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Peter Schjeldahl Is Mistaken, I Believe

hragLike many in the art world — take a look on Facebook — I was surprised that Peter Schjeldahl wrote on the New Yorker website that he favored the sale of the Detroit Institute of Art’s collection to pay the city’s creditors. I saw the headline, wondered what this esteemed art critic had to say, and immediately read the piece, to see what I had been missing in this argument.

As it turns out, nothing. I was amazed by the shallowness of the piece. Sure enough, I was not the only one. Before I could even contemplate how to respond here, an email from Hyperalleric landed in my mailbox, with a piece by Hrag Vartanian (at left). It begins:

Would New Yorker art critic Peter Schjeldahl suggest that Greece sell the Parthenon to pay its crippling national debt? How about Italy or Spain or Portugal or Ireland, which have financial problems of their own — should they sell off national treasures, maybe a national forest, or part of their coastline to pay creditors? The stodgy critic known for his purple prose seems to have, obliviously or not, penned a poisonous exhibit A for justifying the shameless “asset stripping” of a museum collection held in trust for the public. …

…It’s worth noting that Schjeldahl’s post on the New Yorker website is without any real facts that demonstrate the dangers Detroit is facing, and it is mostly filled with vague notions of culture and concern for retirees…

With that, I agree (hence my surprise). Vartanian says of the sale, “I personally don’t think it will” happen — and I agreed from the start of this. Now I am not so sure. I think the art may have been put on the table in some sort of political game of chicken. But that game could not be stopped once the number of players in it increased dramatically to include powerful creditors. They, let’s face it, are only about the money. The governor, emergency manager, mayor and other pols do have other considerations — like the future of the city. Looks as if they should never has started this, because it can no longer be contained.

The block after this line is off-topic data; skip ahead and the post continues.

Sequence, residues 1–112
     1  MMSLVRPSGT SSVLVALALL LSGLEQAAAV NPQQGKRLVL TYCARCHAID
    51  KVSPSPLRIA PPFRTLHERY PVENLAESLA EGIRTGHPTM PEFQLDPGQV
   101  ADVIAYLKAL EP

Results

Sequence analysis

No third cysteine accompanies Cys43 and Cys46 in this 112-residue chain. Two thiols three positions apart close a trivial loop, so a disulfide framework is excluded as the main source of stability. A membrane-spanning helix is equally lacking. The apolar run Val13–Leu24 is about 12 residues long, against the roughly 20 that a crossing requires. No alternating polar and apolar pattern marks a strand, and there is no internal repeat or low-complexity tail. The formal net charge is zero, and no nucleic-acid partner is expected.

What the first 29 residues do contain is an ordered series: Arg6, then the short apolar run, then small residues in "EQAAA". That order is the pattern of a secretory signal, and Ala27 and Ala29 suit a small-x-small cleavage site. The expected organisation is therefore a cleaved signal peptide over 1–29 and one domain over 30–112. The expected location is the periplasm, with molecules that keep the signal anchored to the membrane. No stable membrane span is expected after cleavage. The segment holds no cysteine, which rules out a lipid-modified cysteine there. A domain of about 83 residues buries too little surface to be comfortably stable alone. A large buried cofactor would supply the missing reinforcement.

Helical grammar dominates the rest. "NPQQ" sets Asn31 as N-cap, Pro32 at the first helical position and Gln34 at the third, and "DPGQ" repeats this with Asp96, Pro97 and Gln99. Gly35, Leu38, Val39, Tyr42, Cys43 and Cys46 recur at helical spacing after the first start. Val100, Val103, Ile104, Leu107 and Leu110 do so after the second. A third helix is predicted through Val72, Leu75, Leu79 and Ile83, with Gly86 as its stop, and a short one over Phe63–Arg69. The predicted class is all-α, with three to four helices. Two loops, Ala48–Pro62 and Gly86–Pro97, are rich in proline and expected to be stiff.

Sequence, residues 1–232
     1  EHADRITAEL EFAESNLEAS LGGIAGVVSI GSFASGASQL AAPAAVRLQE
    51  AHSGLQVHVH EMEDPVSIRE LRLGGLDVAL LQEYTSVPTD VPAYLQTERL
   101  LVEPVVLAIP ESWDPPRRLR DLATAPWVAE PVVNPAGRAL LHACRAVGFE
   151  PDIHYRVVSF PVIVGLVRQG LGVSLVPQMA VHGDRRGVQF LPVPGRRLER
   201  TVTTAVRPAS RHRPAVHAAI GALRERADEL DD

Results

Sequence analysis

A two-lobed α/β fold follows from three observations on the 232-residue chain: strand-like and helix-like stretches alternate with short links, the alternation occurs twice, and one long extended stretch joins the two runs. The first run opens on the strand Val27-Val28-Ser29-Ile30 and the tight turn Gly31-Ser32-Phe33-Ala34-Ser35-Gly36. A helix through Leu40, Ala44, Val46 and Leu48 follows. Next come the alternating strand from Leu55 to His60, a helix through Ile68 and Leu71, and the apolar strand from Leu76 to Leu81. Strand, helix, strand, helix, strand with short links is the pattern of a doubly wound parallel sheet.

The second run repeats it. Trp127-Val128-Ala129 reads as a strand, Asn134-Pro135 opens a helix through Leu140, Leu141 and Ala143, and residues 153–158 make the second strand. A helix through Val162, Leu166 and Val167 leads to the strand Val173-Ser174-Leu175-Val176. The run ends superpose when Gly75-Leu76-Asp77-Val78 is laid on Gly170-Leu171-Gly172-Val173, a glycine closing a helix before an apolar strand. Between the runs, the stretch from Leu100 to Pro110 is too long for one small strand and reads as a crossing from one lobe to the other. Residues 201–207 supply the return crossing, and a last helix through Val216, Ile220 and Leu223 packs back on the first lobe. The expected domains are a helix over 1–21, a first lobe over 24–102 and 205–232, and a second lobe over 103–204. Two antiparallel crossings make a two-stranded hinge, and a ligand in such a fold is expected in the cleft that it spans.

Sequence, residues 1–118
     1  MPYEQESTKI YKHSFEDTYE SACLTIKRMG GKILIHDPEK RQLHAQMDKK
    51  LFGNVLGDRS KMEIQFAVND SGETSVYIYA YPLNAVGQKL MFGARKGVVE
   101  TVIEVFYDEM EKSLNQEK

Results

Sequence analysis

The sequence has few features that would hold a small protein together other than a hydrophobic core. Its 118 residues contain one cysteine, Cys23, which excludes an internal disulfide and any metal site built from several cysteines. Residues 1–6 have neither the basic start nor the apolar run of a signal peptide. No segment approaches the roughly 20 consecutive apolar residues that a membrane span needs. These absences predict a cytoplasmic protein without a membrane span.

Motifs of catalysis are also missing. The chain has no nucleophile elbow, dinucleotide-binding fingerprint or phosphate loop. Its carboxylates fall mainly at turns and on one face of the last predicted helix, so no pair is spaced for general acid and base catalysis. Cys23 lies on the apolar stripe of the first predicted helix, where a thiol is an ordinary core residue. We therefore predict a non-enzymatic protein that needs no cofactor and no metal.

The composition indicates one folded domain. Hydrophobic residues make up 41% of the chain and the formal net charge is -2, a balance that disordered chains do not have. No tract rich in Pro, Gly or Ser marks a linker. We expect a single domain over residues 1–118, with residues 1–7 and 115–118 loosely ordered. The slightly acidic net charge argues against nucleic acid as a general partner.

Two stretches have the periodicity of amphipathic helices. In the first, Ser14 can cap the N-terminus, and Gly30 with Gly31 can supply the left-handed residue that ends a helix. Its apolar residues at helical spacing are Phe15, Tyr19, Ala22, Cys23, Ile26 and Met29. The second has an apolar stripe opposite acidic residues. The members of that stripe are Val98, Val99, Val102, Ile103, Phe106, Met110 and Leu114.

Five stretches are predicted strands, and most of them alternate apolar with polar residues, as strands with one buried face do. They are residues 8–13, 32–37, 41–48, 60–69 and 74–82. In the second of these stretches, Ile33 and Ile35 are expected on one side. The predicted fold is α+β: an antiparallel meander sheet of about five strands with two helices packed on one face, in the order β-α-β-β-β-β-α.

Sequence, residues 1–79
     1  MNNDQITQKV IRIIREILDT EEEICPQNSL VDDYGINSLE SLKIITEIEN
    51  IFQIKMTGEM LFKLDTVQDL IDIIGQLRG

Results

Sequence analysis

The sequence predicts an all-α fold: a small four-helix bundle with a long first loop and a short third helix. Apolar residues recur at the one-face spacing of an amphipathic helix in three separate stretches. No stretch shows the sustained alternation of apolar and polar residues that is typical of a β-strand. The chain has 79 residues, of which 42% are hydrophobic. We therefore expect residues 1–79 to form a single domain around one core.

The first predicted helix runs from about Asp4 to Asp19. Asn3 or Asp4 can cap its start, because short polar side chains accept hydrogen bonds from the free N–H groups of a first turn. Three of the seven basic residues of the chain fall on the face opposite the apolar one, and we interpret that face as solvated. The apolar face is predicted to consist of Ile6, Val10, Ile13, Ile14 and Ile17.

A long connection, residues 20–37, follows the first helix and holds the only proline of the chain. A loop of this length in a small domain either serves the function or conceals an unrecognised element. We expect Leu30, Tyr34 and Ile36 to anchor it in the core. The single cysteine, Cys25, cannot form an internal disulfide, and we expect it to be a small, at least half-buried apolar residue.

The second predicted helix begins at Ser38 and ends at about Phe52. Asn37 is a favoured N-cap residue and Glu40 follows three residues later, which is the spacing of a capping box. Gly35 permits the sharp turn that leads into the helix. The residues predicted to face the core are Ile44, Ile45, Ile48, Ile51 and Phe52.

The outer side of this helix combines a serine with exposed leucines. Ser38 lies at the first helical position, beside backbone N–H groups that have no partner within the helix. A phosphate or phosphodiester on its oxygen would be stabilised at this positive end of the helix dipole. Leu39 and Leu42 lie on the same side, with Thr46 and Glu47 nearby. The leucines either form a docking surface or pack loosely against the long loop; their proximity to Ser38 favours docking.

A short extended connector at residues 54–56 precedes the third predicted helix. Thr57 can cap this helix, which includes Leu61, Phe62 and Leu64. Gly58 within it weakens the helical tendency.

1. Mark Stryker says

    Hi Judy — I don’t think the political chicken analogy holds. The art wasn’t “put” on the table so much as that, as a city asset, it was always on the table if perhaps hidden in plain sight. The creditors knew from the start that there could significant money at the museum and appear to have been pressing for it from the moment the starter’s pistol went off. The emergency manager may or may not in the end decide to require the DIA contribute financially to the restructuring — i.e. sell art — and he and the judge will obviously face pressure from creditors. But if the E.M. had never told the museum in the first place the art It’s a complicated dance. I tried to get at this in this story from a few weeks ago:

    Thanks for paying attention and for linking to our stories.

    • Perhaps not, Mark — but for a while, it wasn’t topic A, and then it was mentioned prominently by Bill Nowling, I think, and suddenly it was the asset everyone was talking about, at least outside of Detroit. On June 13, I mentioned the politics, too — noting that we reporters hadn’t yet figured out the political game. Then your story, above, was published and we knew more. But I’m not yet convinced that Orr and Nowling had thought through the way their handling of the art as an asset would play out. On the other hand, you’re there, and I’m looking from afar.

  2. The artworks most at risk for sale are the ones purchased by the city of Detroit (that is, the ones not donated to the museum). The Free Press published a list of these masterpieces and it is very sobering:

    Among the masterpieces that might conceivably be sold: Brueghel’s Wedding Dance; van Gogh’s Self Portrait; Rembrandt’s The Visitation; Church’s Cotopaxi; Van Eyck’s Saint Jerome; and Poussin’s “Selene and Endymion.” Any museum on the world would be thrilled to get any one of them (as would, of course, collectors with incredibly deep pockets). These are world-class paintings and everyone in the U.S. would be a loser if they left the country. But I can’t imagine any American museum with the resources to buy them at auction, not even the Getty.

  3. Mark Stryker says